Although the view that punishment is to be justified on utilitarian grounds has obvious appeal, an examination of utilitarianism reveals that, consistently and accurately interpreted, it dictates unjust punishments which are unacceptable to the common moral consciousness. In this rule?utilitarianism is no more satisfactory than is act?utilitarianism. Although the production of the greatest good, or the greatest happiness, of the greatest number is obviously a relevant consideration when determining which punishments may properly be inflicted, the question as to which punishment (...) is just is a distinct and more basic question and one which must be answered before we can determine which punishments are morally permissible. That a retributivist theory, which is a particular application of a general principle of justice, can account more satisfactorily for our notion of justice in punishment is a positive reason in its support. (shrink)
In Section I, the purely conceptual issue as to whether animals other than human beings, all or some, may possess rights is examined. This is approached via a consideration of the concept of a moral right, and by way of examining the claims of sentience, consciousness, capacities for pleasure and pain, having desires, possessing interests, self-consciousness, rationality in various senses. It is argued that only beings possessed actually or potentially of the capacity to be morally self-determining can be possessors of (...) rights. In Section II, normative questions concerning the rights animals might possess if they were to be capable of possessing rights are discussed. The approach followed is that of considering the kinds of argument advanced in support of human rights, and whether these arguments, and the rights they are claimed to establish, are transferable to animals, and whether there are or might be specifically animal rights. In Section III the question of what is or could be the goal of one who recognizes and seeks to respect all rights, animal and human, is raised. In particular, the issue as to whether a goal of maximizing the satisfaction of rights could remain a coherent one if animal rights are acknowledged, is explored. (shrink)
This article discusses the nature of euthanasia, and the way in which redevelopment of the concept of euthanasia in some influential recent philosophical writing has led to morally less discriminating killing/letting die/not saving being misdescribed as euthanasia. Peter Singer's defence of non-voluntary ‘euthanasia’of defective infants in his influential book Practical Ethics is critically evaluated. We argue that Singer's pseudo-euthanasia arguments in Practical Ethics are unsatisfactory as approaches to determining the legitimacy of killing, and that these arguments present a total utilitarian (...) improvement policy—not a case for non-voluntary euthanasia. (shrink)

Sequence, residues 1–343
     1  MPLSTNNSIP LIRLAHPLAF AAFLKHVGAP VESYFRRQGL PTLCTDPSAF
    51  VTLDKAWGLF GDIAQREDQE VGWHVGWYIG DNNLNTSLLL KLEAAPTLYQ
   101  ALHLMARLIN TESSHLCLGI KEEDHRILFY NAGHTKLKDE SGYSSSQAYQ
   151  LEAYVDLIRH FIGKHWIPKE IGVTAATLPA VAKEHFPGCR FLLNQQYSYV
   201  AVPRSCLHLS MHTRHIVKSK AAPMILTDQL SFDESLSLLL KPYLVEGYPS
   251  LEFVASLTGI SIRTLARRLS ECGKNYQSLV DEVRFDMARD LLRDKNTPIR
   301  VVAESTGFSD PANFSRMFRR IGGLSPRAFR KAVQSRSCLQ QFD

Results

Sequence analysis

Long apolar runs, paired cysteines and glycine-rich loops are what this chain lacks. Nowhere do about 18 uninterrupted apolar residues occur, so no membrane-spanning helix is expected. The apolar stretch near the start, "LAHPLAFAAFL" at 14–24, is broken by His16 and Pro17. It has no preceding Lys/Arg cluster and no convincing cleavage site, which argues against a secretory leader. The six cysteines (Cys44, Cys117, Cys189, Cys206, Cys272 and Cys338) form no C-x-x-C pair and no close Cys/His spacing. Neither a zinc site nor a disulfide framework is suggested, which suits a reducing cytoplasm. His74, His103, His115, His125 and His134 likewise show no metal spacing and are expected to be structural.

The moral case for experimentation on animals rests both on the goods to be realized, the evils to be avoided thereby, and on the duty to respect persons and to secure them in the enjoyment of their natural moral rights. Some experimentation on animals presents no problems of justification as it involves no harm at all to the animals which are the subject of experiments and is such as to seek to achieve an advance in knowledge. Experiments on non-sentient animals, (...) like those on plant life, may harm the subjects but in ways that in themselves need raise no morally significant issues. Moral issues may arise if the subjects of experiments are members of an endangered species and for like reasons but not simply on account of the harm caused by the experiment to the subjects. Other experimentation on animals is to be justified solely in terms of its benefit to animals, even though it involves harm to the animals upon which experiments are performed. There are many poisons and diseases to which animals and not human beings are exposed which give rise to the need for experiments to determine effective therapies, treatments, or other remedies. Examples include annual rye grass toxicity, foot-and-mouth disease, the many fowl diseases, and so on. Human beings commonly have an interest in successfully experimenting to find effective remedies, either a financial interest as with farm animals, race horses and the like, amusement interest as with pets, or a concern not to have a species or variety become extinct. The moral case for such experiments may be strengthened by reference to such interests if they in turn have a moral basis, but generally it does not depend for its validity on this. Other experimentation that harms the animals involved is to be justified in terms of the benefits to be realized and evils lessened for persons by the knowledge and the use of the knowledge gained, where the knowledge is used to secure the enjoyment of their moral rights by persons. Much experimentation benefits both persons, contributing to the securing of their enjoyment of their moral rights, and animals which do not possess moral rights, and is to be morally justified on both counts. Obviously a great amount of experimentation occurs today which does not admit of justification along any of these lines, and hence, is such that it must be condemned as being morally wrong. (shrink)